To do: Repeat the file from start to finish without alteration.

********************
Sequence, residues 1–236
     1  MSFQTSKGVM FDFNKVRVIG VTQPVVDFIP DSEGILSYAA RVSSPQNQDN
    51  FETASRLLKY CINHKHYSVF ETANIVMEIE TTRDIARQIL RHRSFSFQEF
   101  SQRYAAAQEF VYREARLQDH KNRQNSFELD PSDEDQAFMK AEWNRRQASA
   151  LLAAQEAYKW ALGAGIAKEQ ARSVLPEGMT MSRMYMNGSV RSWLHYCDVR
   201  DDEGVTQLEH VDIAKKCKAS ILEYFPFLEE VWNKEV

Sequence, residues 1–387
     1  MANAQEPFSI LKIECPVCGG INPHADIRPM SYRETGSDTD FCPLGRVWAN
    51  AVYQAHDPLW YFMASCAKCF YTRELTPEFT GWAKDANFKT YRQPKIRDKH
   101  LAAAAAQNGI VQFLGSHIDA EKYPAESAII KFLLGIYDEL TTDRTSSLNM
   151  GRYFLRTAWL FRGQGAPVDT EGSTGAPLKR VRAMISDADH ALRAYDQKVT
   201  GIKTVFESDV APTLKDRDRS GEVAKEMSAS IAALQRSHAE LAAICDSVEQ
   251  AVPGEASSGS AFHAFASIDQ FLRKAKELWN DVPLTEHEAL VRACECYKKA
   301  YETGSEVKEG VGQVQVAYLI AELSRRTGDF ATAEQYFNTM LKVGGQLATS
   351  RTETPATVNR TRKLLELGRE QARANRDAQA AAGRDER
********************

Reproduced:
Sequence, residues 1–236
     1  MSFQTSKGVM FDFNKVRVIG VTQPVVDFIP DSEGILSYAA RVSSPQNQDN
    51  FETASRLLKY CINHKHYSVF ETANIVMEIE TTRDIARQIL RHRSFSFQEF
   101  SQRYAAAQEF VYREARLQDH KNRQNSFELD PSDEDQAFMK AEWNRRQASA
   151  LLAAQEAYKW ALGAGIAKEQ ARSVLPEGMT MSRMYMNGSV RSWLHYCDVR
   201  DDEGVTQLEH VDIAKKCKAS ILEYFPFLEE VWNKEV

Sequence, residues 1–387
     1  MANAQEPFSI LKIECPVCGG INPHADIRPM SYRETGSDTD FCPLGRVWAN
    51  AVYQAHDPLW YFMASCAKCF YTRELTPEFT GWAKDANFKT YRQPKIRDKH
   101  LAAAAAQNGI VQFLGSHIDA EKYPAESAII KFLLGIYDEL TTDRTSSLNM
   151  GRYFLRTAWL FRGQGAPVDT EGSTGAPLKR VRAMISDADH ALRAYDQKVT
   201  GIKTVFESDV APTLKDRDRS GEVAKEMSAS IAALQRSHAE LAAICDSVEQ
   251  AVPGEASSGS AFHAFASIDQ FLRKAKELWN DVPLTEHEAL VRACECYKKA
   301  YETGSEVKEG VGQVQVAYLI AELSRRTGDF ATAEQYFNTM LKVGGQLATS
   351  RTETPATVNR TRKLLELGRE QARANRDAQA AAGRDER